Systems simply aid the process of an athlete’s development. That’s the bottom line. Coaches need each client to grow as an individual, but it’s also a business. Clients need to know the systems so that they know exactly where they sit on the athletic scale, and they can monitor and see their progress.Systems lead to enhanced performance by helping us implement strategic planning, creation, and operation in everything we do.Click To Tweet
Systems lead to enhanced performance by helping us implement strategic planning, creation, and operation in everything we do.
Creating the hierarchy of athletic development was one of the best things I ever did for my own training, the training of clients, and the Strength Matters business. It allowed us to meet and exceed the expectations of our clients. Knowing the strengths and weaknesses of our system allows us to conveniently monitor our clients’ progress, and it leaves us better aware of any improvements that need to be made. We’ve seen a significant improvement in our coaches’ performance and their creativity. This has led to a new avenue of personal engagement between the coaches and their clients.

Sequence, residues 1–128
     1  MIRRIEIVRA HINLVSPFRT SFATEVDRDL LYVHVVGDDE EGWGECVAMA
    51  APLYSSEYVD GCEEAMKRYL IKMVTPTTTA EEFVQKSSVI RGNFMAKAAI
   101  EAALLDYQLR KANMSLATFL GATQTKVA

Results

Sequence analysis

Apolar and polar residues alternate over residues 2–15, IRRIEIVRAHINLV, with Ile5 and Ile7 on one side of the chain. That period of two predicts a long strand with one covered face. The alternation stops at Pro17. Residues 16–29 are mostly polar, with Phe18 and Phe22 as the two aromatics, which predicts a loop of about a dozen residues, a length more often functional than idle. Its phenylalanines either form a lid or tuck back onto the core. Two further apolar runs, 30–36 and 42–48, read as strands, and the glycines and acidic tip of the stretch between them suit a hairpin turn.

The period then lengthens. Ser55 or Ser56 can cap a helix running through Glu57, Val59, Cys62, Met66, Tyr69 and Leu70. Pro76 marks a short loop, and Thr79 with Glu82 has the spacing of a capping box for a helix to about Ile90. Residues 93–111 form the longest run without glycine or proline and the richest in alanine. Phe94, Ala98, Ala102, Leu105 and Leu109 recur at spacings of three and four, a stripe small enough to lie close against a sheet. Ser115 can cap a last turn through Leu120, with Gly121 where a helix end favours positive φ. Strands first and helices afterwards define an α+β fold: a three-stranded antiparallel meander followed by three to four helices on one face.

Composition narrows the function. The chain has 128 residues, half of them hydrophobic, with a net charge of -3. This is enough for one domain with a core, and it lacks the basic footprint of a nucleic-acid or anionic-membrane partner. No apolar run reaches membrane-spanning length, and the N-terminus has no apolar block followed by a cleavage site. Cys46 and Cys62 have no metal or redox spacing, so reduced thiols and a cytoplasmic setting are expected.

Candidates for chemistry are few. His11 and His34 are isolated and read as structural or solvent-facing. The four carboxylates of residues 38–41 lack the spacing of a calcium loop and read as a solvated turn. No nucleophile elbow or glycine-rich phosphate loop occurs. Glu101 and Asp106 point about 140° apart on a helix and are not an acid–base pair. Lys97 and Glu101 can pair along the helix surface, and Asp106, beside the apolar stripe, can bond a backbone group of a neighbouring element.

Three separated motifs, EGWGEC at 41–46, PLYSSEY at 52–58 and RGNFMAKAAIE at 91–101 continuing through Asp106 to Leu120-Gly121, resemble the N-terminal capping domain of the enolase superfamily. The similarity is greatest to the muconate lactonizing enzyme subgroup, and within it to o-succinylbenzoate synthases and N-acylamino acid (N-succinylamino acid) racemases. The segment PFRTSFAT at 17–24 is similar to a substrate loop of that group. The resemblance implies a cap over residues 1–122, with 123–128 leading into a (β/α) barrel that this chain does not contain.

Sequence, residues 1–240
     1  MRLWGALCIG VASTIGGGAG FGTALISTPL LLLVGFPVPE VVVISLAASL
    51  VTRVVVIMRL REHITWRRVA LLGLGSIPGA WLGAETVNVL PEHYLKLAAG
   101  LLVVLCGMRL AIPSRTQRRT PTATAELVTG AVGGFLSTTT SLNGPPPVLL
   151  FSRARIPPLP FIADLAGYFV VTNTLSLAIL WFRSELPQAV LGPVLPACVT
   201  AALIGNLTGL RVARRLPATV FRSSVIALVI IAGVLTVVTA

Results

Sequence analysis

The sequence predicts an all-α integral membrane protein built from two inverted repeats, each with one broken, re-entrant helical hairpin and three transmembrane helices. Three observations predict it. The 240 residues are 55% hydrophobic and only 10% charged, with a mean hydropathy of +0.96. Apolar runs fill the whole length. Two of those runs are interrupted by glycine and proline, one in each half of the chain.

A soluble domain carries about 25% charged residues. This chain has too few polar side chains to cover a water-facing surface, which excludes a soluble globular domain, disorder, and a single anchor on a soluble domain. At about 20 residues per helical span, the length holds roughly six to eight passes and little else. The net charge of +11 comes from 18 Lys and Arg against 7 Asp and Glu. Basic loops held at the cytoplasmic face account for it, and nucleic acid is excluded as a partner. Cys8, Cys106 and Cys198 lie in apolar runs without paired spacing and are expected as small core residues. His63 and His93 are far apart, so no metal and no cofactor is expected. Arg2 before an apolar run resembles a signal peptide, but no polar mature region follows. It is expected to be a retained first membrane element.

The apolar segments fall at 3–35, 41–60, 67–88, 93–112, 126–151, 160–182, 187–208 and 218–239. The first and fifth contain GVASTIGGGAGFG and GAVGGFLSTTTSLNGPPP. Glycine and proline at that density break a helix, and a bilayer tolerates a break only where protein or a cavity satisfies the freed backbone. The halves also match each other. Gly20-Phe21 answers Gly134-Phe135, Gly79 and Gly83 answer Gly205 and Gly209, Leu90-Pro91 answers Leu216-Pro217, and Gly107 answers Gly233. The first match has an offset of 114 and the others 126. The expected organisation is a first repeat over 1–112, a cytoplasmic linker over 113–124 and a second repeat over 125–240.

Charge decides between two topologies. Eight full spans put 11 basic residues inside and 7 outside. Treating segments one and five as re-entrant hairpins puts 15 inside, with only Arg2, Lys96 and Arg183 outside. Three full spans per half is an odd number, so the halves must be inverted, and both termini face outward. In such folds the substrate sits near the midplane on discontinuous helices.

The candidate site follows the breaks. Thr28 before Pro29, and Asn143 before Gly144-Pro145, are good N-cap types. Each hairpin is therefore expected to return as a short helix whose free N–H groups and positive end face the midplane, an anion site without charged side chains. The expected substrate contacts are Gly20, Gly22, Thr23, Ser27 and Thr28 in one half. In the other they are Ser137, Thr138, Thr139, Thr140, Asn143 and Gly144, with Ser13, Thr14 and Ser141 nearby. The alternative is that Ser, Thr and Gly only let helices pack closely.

In a nutshell, the Strength Matters Hierarchy of Athletic Development has:
- Significantly improved client results
- Given us better consistency in results
- Made change easier to accomplish when things aren’t working
- Made training new coaches easier
- Allowed us, as coaches, to focus on what we do best – getting results
- Provided a framework of operations
I can’t overestimate the power of the system I’m about to present to you.
The Strength Matters Model of Athletic Development
Before I share the Hierarchy of Athletic Development, you need to understand our model of fitness. It’s the forty-thousand-foot overview.
As coaches, we now know that the most important thing on someone’s fitness journey is health. Without good health, you have nothing. Poor health impacts long-term athletic development.
We prioritize it above everything else. (You can learn more about how we assess health here.)
Once we establish good health, we can focus on the quality of movement, and with good movement comes fitness. Fitness is a very broad term. It means different things to different people. Some people see fitness as a mechanism to deal with everyday life. Others see it as a route to sporting glory. Either way, it’s ambiguous. It’s why we’ve used it. There’s so much more to this, but it’s our starting point.
This is where the Hierarchy of Athletic Development comes into play.
The Strength Matters Hierarchy of Athletic Development
If you haven’t yet read the blog about the ten components of complete athleticism, I highly recommend doing so now. It will help put this whole section into perspective.